Assessing whole-of-diet against health outcomes was the approach used in five studies. A ‘traditional’ Polynesian dietary pattern, compared to a ‘modern’ dietary pattern, was shown to be associated with decreased risk of thyroid cancer in French Polynesia but the findings were no longer significant after accounting for several confounding variables including family history of thyroid cancer [33]. In Samoa, the ‘modern’ dietary pattern, characterised by high intakes of processed foods, was significantly associated with an increased prevalence of metabolic syndrome [58].

In Port Moresby, Papua New Guinea, two predominant dietary patterns were identified amongst a Naasioi migrant population [35]. Neither dietary pattern included high intakes of fresh fish but the ‘traditional’ dietary pattern was inversely associated with consumption of canned fish, rice and soft drinks [35]. Dietary patterns were not associated with body mass index (BMI) nor blood pressure [35]. A study of three villages in Vanuatu reported that both consumption of canned fish and multiple fish/meat dishes per day were risk factors for obesity, defined by both BMI and percentage body fat. Canned fish could lead to obesity because it is most commonly packaged with oil or sauce providing a higher fat content than fresh fish. Again, fresh fish intake was not considered in the analysis [59].

Contribution of fishing activities to subsistence and/or cash income amongst Pacific Islanders

The degree to which individuals and households depended upon fishing for livelihood varied between and within PICTs. Four of the studies reviewed were conducted in Fiji, one of the more economically developed countries in the region [42, 45, 60, 61].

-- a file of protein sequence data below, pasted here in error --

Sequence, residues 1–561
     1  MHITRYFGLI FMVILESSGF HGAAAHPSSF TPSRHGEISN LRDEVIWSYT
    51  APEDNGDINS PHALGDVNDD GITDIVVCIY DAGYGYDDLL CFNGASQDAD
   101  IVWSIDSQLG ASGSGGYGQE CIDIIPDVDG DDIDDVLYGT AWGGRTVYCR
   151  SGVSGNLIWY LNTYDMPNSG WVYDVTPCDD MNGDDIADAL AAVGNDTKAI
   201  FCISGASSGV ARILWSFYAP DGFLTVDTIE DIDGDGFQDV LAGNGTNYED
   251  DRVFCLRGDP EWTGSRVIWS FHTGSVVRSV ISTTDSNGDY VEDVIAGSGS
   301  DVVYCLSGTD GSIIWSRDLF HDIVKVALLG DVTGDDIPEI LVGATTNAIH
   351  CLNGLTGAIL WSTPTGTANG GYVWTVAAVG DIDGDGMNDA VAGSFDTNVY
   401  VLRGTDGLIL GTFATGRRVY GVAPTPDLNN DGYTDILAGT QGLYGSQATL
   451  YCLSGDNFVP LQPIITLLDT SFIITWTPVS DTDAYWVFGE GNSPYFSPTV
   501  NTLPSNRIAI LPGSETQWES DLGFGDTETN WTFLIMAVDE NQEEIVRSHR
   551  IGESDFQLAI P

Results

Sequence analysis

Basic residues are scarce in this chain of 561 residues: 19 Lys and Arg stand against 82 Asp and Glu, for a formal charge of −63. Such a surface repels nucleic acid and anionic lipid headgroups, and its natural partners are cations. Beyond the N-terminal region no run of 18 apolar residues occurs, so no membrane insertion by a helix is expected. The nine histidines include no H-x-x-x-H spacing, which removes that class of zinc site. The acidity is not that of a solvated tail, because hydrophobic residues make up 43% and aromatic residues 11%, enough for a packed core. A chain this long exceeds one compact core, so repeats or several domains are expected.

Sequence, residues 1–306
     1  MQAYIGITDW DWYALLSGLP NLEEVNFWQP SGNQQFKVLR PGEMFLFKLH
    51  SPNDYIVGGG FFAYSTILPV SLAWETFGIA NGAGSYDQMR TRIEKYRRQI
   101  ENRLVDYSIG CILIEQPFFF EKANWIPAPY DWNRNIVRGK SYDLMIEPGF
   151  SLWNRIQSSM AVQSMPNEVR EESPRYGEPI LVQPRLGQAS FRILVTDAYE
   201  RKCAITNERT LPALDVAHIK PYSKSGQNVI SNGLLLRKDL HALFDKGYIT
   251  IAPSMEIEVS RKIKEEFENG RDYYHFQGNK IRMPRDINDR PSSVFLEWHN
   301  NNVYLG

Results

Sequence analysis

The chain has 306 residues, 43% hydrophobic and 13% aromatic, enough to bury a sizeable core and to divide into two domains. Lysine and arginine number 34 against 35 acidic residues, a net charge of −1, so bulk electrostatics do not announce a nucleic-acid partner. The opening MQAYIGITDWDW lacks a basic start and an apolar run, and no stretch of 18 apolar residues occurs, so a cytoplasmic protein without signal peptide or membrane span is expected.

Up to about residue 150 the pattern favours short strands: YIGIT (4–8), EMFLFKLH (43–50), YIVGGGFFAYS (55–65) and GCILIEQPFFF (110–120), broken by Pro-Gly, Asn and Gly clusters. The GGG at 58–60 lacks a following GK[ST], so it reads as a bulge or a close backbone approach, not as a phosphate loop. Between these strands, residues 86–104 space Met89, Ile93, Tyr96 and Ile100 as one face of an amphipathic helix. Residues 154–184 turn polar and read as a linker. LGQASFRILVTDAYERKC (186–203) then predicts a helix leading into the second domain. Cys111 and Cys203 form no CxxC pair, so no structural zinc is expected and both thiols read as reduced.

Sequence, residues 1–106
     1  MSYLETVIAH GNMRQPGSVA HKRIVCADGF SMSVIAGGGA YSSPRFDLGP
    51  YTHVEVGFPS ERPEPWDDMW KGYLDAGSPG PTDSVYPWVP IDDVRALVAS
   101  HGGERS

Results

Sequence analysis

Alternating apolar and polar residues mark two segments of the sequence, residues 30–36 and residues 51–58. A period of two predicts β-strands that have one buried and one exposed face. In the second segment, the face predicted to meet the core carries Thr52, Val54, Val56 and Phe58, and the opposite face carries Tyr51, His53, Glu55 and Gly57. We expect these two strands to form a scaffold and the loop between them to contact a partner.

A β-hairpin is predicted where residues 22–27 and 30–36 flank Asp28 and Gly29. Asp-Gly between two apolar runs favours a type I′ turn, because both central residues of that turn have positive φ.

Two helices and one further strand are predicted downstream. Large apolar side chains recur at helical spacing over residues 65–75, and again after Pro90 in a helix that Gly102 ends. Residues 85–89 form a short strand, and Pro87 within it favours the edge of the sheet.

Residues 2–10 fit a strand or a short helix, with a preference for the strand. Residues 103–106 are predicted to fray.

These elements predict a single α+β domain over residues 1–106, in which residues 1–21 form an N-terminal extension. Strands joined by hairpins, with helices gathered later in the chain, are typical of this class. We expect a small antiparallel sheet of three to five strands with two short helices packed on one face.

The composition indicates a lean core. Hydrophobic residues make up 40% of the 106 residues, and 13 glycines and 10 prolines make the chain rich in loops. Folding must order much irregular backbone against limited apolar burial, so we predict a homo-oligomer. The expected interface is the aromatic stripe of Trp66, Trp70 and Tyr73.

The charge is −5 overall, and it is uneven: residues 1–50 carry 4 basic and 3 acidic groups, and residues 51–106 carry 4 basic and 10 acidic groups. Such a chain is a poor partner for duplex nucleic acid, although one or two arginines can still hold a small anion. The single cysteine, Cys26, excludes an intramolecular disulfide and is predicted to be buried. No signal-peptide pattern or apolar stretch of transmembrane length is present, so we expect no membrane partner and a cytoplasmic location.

Federated States of Micronesia

Fishing as the primary source of income or food has been described in many PICTs however, this is not the case for all PICTs. Pohnpei, in the Federated States of Micronesia (FSM), is considered to be one of the urban centres currently experiencing the nutrition transition. It was found that 65 % of participants surveyed reported that one or more members of their household held a salaried position. Of the monthly household income, 77 % participants reported that household food expenditure made up half or more of the budget. In contrast, farming and fishing was the primary source of income in 8 % of participants and only 6 % relied on fishing alone [37].

Fiji

In the Navakavu fishing grounds in the south eastern area of Fiji, 88 % of households were involved in fishing activities. However, salaried work provided the most income and food for 32 % of households, while 27 % of households reported fishing as their most important resource [60]. On the island of Vitu Levu, two contrasting villages were studied; firstly, Ucunivanua, where fishing is the primary income activity for 75 % of households. In Namatakula, the primary income source was provided from employment in local international hotels (fishing being primary income for only 10 % of households) [61]. Despite primary sources of income differing between the two villages, there was no significant difference in total monthly income.

Key informants, local fisherman and senior heads of households, from four islands in the Lau Province of Fiji identified a decreasing dependency on fishing activities for livelihood over the past decade. Current fishing activities continued primarily for subsistence purposes, with the exception of fishing activities on Yaroi where fish was more commonly sold. Only 7 % of households ranked fishing as the primary household occupation although almost all households remained engaged in fishing practices [42]. In the most southerly Fijian Island group of Ono-i-Lau, also part of the Lau province, the economy was again predominantly subsistence and this had not changed between the two study periods of 1982 and 2002 [45]. While it was reported that time spent fishing had not significantly changed in the past 10 years, engagement in other forms of livelihood activities had increased including formal employment and animal husbandry [42]. Fishing and gardens were the primary source of subsistence products but the key income-generating activities were sale of copra, seaweed farming and handicraft making. Income from these sources doubled between 1982 and 2002, but income remained insufficient at both time points to purchase sources of protein other than fish on a regular basis [45].